When I was seventeen years old, I became one of the highest ranked World of Warcraft players in North America. Below are some of the most powerful lessons I learned on my quest for Internet fame and success:
We must call out the very practices that bind our daughters to a culture of violence. Even when those practices include a popular, profit-busting video game that our kids, or other family members, want for the holidays.
The malignant only threaten those who make inroads, who carve out spaces where they can be heard and can affect change, who realize their independent and collective power and wield it, from every dark corner into every dark corner.
It is naïve to think we can talk about the forces shaping the socialization of boys and men (and girls and women) and not include a thoughtful discussion about the role of mega-popular video games like C.O.D.
A recent study published by Jesse Fox and colleagues in Computers in Human Behavior suggests women who employ sexy avatars in virtual reality (VR) may objectify themselves or blame rape victims in surveys given shortly afterward.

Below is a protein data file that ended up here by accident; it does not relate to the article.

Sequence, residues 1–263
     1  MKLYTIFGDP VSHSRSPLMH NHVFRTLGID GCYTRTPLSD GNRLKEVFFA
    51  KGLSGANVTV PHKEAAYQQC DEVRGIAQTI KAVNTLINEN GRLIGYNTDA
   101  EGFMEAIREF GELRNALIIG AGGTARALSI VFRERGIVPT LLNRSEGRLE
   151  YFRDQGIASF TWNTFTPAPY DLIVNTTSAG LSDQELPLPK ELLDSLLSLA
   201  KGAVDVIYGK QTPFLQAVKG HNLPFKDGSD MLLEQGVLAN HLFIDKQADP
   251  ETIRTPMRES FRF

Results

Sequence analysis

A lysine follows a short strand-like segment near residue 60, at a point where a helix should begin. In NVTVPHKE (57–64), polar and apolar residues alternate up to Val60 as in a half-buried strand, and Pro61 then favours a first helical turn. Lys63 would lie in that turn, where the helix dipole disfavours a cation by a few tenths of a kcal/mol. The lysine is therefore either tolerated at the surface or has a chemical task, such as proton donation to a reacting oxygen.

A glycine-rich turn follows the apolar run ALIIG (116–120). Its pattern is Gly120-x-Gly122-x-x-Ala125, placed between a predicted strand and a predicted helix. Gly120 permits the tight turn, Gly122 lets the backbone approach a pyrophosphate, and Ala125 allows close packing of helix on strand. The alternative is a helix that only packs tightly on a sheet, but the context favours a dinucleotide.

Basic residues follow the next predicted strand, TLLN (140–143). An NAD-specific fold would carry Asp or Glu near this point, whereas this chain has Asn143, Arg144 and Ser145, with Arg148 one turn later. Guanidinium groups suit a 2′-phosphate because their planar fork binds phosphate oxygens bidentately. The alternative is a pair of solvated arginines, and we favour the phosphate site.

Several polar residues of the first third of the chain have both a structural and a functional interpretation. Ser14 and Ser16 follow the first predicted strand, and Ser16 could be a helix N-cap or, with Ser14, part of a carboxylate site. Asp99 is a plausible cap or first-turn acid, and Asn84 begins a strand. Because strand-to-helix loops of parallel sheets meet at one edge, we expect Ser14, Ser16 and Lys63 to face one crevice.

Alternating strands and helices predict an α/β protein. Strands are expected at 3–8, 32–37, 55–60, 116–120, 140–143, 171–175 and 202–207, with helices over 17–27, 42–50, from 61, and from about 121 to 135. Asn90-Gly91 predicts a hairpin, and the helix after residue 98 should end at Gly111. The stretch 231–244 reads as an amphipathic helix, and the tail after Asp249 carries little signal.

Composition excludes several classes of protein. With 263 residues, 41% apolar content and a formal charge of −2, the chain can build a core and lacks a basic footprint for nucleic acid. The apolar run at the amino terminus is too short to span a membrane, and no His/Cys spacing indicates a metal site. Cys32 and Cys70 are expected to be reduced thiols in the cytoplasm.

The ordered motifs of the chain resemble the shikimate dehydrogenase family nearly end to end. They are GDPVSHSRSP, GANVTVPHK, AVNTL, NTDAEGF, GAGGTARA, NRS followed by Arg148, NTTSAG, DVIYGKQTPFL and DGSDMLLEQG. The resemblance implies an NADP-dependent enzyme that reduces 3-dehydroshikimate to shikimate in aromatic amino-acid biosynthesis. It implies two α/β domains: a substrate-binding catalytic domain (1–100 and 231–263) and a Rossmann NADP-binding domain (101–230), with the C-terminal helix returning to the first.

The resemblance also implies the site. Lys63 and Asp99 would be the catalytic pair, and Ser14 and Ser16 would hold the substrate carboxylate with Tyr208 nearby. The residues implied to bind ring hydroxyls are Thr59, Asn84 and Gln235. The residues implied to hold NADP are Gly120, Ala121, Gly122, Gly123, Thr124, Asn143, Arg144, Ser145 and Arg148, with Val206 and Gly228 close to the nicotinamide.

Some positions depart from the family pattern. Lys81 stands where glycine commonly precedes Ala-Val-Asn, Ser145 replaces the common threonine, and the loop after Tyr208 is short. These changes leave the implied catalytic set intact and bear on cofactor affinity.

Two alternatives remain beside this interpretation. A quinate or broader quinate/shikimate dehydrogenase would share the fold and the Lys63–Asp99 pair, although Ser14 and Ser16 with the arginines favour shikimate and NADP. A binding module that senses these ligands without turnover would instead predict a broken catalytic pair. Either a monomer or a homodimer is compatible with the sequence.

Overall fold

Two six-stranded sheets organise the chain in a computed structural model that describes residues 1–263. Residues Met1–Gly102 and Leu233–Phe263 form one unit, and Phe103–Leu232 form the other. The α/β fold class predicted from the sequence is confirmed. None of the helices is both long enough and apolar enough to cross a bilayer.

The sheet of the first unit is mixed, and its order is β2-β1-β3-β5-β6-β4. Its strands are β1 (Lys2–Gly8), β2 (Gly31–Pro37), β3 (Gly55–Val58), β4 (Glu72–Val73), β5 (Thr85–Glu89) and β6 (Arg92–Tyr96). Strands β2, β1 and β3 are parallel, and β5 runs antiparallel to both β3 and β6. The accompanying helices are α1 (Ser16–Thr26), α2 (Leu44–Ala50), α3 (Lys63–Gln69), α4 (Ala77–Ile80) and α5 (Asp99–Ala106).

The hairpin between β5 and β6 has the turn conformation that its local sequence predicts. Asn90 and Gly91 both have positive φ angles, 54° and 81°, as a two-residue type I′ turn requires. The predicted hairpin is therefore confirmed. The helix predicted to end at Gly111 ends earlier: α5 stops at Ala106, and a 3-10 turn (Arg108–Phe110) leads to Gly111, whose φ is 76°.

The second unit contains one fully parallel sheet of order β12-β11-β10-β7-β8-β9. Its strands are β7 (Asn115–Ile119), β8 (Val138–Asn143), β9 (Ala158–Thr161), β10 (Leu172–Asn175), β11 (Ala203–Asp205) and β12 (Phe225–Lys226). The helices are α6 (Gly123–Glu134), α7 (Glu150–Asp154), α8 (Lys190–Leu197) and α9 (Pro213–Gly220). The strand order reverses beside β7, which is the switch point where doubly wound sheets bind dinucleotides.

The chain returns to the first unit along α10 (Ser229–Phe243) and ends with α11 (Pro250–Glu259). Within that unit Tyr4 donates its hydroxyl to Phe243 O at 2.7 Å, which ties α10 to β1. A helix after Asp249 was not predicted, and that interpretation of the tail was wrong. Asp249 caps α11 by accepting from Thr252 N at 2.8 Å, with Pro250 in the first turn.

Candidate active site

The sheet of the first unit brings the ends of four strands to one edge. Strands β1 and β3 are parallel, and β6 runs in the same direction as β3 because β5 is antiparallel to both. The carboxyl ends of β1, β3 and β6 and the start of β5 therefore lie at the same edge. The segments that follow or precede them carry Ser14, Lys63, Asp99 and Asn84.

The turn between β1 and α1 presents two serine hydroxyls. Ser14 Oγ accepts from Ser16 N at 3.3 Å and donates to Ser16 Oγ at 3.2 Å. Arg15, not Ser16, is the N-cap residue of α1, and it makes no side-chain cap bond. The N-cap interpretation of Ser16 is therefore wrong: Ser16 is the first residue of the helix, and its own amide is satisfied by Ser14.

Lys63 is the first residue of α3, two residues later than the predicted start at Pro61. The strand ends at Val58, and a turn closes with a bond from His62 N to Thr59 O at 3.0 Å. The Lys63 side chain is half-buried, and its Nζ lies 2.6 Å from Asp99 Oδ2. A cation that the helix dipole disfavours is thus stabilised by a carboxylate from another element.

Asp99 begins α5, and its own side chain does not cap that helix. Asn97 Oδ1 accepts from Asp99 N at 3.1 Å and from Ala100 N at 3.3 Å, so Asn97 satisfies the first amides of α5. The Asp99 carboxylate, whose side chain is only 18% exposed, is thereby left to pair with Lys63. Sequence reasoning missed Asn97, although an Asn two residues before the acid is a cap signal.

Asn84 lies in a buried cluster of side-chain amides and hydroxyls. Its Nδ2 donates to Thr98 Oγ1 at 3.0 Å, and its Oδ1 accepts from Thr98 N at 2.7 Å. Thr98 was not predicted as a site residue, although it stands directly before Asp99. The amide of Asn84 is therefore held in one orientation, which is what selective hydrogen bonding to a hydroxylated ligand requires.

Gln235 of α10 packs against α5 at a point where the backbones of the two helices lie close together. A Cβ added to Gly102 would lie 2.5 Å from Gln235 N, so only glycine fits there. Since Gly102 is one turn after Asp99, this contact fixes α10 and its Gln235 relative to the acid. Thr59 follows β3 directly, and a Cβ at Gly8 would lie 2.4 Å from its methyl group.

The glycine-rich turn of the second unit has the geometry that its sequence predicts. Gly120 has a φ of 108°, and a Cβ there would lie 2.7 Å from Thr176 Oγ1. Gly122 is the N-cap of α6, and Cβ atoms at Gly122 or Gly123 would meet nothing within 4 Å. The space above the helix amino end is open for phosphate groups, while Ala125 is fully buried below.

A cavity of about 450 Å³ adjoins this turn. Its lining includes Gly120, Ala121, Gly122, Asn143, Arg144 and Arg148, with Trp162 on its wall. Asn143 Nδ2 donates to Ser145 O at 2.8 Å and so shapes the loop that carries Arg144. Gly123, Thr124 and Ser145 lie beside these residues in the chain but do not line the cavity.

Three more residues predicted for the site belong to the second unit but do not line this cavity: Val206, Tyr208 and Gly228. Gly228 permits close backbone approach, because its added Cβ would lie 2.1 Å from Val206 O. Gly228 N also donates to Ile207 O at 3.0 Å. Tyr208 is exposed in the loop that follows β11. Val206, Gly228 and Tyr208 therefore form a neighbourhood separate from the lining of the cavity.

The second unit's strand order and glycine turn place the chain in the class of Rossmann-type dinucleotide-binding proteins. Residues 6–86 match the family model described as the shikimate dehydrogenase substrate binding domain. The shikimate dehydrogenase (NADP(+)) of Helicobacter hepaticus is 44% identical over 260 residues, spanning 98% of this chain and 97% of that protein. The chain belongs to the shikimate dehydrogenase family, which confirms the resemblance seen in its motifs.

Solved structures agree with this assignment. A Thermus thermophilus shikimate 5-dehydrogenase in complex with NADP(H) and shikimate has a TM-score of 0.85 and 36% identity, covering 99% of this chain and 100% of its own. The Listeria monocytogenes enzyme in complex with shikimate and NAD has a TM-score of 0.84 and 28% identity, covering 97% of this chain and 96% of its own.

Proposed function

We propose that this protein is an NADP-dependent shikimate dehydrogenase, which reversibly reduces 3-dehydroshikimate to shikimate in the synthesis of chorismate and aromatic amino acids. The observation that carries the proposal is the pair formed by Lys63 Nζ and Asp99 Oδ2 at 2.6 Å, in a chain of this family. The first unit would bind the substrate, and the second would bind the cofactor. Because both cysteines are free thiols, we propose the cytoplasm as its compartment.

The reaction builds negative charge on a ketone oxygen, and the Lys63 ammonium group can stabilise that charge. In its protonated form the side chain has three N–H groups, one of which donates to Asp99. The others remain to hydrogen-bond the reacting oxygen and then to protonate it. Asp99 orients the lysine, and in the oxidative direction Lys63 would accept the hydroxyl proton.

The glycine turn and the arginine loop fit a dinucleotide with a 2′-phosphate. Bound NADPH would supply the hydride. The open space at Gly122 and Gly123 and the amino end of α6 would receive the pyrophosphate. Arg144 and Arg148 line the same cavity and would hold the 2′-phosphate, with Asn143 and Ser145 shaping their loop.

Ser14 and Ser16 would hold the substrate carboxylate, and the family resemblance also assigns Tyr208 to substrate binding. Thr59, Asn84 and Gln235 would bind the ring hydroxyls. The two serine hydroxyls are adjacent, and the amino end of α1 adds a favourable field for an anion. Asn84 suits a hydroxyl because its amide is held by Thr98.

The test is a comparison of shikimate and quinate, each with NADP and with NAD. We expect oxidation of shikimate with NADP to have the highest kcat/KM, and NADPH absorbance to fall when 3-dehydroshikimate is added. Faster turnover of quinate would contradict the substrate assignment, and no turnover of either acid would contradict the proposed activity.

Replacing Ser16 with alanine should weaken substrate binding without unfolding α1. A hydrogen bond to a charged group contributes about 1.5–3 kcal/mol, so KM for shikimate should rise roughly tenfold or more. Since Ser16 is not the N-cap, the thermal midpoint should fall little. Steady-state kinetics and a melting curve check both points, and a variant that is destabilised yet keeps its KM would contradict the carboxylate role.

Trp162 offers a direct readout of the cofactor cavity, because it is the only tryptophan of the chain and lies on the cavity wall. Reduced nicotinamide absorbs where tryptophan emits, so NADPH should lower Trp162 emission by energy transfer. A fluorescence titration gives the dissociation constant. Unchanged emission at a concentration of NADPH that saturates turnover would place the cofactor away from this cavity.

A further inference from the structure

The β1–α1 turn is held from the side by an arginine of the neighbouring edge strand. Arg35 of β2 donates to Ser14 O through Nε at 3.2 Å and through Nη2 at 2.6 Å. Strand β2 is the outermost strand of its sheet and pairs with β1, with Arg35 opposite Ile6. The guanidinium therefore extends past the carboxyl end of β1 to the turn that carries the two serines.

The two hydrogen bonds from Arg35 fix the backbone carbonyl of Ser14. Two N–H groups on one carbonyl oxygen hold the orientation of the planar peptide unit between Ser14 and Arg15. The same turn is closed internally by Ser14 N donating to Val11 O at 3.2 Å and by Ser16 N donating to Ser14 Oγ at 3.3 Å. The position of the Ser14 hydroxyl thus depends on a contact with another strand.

The world of gaming as we know it is changing. Women are the new target market as gaming applications continue to expand into the mobile market -- cell phones and tablets. With this shift, companies are looking for talented artists to provide the visual creative component in these devices.
A carefully planned urban revolution has poshed the place up over the last couple of years. New high rises, open plazas, restaurants and cafes now spread out around the station. There are almost as many places to eat as shop.
Professional gamers are not athletes. You can't see the hard work these people put into their craft like you can on athletes; there aren't any muscles. You can't see on the outside how good a video gamer is, or is perceived to be. Electronic sports have no heroes, no demigods.